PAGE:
Students from the College’s Business Administration program and Applied Computer Education (ACE) department have partnered with Winnipeg’s Evans Family Law Corporation, to develop an interview-based web application that allows users to access and fill out basic family law documents themselves.
In the works since last year, the app is slated to be built and brought online by RRC students sometime in 2018.
“Access to justice, particularly in family law, has been recognized as a serious issue with the legal community for some time,” says Business instructor George Allen. “It is believed the kind of technology this project is looking to implement could play an important role in addressing some of the access issues inherent in the current system.”
Allen says the project would be designed to provide Manitobans with access to court forms using intelligent documents, and to use an interview-style dialogue process for gathering client data — much like TurboTax does to complete federal and provincial tax forms.
The prospect of saving thousands of dollars in legal fees could be particularly attractive to the large number of working Canadians for whom the ability to retain a lawyer is out of reach due to costs.
“If you’re working and you’re making a certain level of income, and you have a divorce proceeding or a wills and estate issue, you won’t qualify for Legal Aid because you make too much money or you own property,” says Allen (shown above, fourth from right). “You may also be in a situation where paying $300 an hour for a lawyer is really a hardship, or even out of the question.”
“An uncontested divorce or separation is really a straightforward process that most paralegals would normally be doing under the guidance and underwriting of a lawyer. So we’re looking at taking those forms and that process and providing it at a low cost to this particular population that otherwise likely wouldn’t have access to it.”
Greg Evans, principal at Evans Family Law, says the idea is to provide some of the same services already offered at Winnipeg’s Legal Help Centre, only for an online audience.
“People are much more used to having services provided online or through online websites and applications,” says Evans (shown above, second from right). “It’s an idea that takes a look at what potentially might be the wave of the future, particularly with simple legal documents.”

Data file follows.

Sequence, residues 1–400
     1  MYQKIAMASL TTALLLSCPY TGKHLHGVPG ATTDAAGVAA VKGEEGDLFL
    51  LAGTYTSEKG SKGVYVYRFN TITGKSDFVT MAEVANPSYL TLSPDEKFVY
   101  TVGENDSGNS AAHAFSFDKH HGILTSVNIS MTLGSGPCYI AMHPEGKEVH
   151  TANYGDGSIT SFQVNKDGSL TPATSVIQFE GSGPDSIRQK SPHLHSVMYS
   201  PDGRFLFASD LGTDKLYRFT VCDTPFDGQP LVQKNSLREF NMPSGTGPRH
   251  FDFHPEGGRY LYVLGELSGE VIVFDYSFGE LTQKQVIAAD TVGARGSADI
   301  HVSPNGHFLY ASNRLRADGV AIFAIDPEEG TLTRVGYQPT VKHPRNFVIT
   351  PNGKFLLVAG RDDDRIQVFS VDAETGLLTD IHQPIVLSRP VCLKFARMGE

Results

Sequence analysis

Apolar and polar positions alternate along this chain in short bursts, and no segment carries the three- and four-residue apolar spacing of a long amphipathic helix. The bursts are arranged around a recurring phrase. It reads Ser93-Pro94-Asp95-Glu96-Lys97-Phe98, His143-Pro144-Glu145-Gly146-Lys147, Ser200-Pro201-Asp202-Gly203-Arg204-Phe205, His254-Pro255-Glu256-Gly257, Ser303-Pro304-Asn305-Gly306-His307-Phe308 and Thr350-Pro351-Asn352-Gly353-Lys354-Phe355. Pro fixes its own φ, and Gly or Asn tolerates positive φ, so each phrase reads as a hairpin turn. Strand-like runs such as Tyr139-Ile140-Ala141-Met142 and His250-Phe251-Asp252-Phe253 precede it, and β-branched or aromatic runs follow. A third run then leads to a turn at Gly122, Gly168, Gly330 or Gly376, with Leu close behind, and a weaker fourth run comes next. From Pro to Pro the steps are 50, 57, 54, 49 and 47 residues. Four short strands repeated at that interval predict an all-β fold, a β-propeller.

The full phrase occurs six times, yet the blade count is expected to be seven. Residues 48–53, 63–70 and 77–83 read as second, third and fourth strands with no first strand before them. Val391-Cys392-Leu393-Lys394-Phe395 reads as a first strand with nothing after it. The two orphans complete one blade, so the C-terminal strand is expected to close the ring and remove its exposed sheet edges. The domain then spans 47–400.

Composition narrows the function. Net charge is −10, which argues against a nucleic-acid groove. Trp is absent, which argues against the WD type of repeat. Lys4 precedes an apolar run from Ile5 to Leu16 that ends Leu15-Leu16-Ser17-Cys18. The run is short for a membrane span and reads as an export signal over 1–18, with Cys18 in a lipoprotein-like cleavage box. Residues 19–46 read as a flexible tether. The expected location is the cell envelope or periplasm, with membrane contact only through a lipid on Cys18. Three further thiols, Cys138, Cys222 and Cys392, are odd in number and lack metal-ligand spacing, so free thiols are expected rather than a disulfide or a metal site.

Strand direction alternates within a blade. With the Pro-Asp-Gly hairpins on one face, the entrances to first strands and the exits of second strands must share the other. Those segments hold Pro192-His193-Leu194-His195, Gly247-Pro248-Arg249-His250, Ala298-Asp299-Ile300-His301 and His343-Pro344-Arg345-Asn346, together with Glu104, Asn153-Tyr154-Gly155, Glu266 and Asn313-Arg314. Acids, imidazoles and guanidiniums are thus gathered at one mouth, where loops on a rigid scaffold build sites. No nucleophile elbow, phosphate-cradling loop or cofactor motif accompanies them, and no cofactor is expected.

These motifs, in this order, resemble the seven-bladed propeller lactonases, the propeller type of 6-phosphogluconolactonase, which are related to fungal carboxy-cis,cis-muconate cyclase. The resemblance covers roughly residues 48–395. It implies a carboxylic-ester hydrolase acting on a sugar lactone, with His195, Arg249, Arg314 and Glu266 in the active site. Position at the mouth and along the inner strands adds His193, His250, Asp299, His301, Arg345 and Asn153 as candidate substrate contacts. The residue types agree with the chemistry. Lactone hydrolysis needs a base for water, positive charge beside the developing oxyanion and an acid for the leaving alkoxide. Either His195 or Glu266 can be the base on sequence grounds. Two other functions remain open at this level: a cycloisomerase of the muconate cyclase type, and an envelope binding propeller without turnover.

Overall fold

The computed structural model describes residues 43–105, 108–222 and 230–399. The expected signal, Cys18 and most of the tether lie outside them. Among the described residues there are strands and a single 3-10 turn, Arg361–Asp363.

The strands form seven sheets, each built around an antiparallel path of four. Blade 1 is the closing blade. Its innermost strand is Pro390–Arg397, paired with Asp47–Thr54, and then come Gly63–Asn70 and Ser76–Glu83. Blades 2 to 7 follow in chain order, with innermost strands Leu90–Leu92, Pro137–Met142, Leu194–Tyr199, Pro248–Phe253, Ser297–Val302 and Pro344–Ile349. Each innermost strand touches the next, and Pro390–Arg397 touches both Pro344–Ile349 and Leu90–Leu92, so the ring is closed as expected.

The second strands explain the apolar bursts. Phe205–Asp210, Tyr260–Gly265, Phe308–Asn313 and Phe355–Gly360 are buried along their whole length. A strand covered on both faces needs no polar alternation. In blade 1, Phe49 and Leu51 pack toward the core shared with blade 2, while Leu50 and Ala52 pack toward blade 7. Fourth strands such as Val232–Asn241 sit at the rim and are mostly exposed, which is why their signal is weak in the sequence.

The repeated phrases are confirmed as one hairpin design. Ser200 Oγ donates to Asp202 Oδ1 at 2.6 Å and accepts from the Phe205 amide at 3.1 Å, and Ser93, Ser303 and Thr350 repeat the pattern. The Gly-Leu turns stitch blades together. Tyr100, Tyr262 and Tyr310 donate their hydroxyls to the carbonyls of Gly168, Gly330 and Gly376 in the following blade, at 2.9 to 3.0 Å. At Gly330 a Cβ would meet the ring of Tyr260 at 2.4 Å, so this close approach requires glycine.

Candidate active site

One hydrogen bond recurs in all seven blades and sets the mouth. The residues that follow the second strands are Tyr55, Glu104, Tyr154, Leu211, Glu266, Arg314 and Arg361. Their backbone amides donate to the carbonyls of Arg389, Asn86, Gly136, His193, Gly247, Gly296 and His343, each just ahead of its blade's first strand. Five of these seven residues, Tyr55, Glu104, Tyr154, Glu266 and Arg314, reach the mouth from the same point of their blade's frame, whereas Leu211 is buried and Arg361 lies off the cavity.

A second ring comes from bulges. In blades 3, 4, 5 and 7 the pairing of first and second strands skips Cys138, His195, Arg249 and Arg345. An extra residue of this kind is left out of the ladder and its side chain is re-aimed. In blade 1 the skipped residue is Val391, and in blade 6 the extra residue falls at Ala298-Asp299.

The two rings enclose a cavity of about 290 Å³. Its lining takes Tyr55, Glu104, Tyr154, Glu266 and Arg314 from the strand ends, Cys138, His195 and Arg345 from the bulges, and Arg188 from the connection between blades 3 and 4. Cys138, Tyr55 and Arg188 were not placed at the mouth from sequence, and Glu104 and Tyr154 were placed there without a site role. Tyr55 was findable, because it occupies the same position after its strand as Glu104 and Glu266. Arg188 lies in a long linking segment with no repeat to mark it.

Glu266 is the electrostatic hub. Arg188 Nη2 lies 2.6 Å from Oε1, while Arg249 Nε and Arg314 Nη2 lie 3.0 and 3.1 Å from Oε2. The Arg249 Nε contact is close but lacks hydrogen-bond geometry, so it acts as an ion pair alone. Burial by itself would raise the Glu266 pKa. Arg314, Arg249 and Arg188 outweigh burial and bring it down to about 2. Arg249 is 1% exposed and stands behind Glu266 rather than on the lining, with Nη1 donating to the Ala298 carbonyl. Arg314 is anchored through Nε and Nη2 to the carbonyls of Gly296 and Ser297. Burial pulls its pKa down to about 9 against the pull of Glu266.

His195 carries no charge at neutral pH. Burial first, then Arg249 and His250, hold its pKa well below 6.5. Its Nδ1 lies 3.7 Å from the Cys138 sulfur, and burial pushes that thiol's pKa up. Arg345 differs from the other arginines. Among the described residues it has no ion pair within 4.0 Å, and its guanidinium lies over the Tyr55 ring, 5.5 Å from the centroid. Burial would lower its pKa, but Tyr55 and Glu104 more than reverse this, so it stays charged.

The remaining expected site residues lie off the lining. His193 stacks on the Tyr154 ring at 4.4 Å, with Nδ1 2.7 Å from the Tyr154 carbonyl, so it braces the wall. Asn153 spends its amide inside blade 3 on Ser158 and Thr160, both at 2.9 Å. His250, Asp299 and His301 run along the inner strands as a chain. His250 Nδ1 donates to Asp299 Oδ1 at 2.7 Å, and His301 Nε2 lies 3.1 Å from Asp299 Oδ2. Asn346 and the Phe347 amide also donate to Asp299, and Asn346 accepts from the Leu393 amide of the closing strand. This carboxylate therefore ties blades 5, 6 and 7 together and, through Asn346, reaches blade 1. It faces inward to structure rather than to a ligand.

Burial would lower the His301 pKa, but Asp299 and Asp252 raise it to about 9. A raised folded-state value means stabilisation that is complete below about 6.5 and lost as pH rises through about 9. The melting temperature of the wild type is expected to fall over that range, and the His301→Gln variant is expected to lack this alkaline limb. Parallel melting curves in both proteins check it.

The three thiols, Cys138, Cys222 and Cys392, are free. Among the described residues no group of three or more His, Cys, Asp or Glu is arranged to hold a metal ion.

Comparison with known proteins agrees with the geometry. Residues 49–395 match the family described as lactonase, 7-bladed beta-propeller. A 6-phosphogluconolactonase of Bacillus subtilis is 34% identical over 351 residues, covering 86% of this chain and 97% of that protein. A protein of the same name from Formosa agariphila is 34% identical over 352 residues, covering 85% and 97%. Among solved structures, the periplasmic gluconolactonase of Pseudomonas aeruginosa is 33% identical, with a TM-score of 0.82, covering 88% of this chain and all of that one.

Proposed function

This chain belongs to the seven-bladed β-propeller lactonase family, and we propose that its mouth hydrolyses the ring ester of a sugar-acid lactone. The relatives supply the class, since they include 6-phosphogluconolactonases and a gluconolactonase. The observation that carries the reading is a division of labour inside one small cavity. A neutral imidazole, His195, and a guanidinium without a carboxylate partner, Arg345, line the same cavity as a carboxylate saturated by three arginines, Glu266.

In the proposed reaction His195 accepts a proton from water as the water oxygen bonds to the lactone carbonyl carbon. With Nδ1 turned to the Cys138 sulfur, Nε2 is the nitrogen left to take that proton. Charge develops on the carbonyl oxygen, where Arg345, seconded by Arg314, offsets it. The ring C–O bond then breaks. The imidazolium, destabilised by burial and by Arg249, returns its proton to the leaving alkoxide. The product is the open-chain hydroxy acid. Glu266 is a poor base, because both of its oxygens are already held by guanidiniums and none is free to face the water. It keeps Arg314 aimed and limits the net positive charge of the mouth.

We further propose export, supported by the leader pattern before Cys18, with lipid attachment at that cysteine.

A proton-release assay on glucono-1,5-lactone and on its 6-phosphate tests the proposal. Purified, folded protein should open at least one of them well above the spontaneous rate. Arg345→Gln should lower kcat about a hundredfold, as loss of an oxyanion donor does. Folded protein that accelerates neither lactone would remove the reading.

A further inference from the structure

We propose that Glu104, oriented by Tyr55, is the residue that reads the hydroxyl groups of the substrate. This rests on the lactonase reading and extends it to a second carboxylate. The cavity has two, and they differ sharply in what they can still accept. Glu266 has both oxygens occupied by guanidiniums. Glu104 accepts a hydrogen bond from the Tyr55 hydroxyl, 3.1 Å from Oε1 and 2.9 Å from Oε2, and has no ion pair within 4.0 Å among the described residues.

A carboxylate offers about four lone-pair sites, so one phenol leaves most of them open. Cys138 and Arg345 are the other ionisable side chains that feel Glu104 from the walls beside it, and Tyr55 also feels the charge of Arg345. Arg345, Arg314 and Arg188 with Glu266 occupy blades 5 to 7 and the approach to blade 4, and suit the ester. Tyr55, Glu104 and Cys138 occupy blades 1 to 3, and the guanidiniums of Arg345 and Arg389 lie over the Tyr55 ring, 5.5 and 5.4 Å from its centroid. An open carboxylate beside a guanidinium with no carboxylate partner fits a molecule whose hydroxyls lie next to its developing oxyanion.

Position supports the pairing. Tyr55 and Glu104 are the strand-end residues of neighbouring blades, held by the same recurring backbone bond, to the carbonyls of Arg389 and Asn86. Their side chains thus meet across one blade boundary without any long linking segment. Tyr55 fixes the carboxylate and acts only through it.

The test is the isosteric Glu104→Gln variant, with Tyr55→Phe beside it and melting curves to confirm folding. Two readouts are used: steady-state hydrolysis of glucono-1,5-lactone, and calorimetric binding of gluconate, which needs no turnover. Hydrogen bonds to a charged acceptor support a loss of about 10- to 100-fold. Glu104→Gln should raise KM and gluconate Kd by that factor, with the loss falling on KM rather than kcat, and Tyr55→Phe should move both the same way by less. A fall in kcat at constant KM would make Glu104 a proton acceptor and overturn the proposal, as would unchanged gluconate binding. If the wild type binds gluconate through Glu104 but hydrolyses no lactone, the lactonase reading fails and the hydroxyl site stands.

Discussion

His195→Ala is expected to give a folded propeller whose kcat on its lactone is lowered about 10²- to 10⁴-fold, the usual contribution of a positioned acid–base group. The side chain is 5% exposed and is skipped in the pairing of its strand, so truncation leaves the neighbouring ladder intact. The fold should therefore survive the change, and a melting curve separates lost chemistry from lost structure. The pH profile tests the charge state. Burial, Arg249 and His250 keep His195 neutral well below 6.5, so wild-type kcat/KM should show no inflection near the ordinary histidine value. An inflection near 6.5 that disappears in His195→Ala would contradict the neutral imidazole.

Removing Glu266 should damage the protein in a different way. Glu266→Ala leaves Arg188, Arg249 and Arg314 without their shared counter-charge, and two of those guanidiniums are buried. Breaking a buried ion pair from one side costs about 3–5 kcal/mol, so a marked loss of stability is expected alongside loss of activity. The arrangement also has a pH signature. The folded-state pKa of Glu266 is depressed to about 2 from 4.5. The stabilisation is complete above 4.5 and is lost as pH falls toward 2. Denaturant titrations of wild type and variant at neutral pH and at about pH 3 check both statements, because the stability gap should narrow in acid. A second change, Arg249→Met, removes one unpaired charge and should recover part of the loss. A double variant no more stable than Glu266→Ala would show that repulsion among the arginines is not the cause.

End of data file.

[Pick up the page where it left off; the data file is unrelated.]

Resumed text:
Allen says up to nine Business Administration students will be working on the project, conducting research to establish marketing and cost information, then pitching their ideas to the law firm.
Once the business validation and user-requirement stage is complete, students from the ACE programs will take the lead in developing the app.
The idea would be limited to family law issues for the time being, but Evans foresees the site being expanded to include other areas, such as corporate law. The long-term goal is to eventually move outside of Manitoba’s boundaries and partner on the app with individuals and firms in other provinces.
“Probably, at the onset, there’s not going to be a whole lot of revenue generated. We’re obviously hoping that it’s going to pay for itself,” he says. “But once you hit a critical mass, then there’s the opportunity for this to be profitable.”
This sort of idea is one that aligns perfectly with the College’s planned $95-million Innovation Centre in the Exchange District. Announced earlier this year, the Centre will bring students, instructors, researchers and industry together to work on commercialization projects for startups and small- and medium-sized enterprises.
“There’s a social component to it, there’s a public good component to it, there’s a business component to it with a client, and there’s collaboration,” says Allen.
“I really think it fires on all cylinders in respect to the Innovation Centre.”
Evans says partnering with the College was a natural fit for his firm.
“Red River College is that perfect mixture of practical and theoretical applications,” he says. “You’ve got everybody in one spot. You’ve got Marketing, you’ve got Business Administration, you have IT students. There’s an ability to put together teams that can come at the entire package.
“The idea of being able to work with students to help us take our vision and make into a practical reality is a very attractive idea.”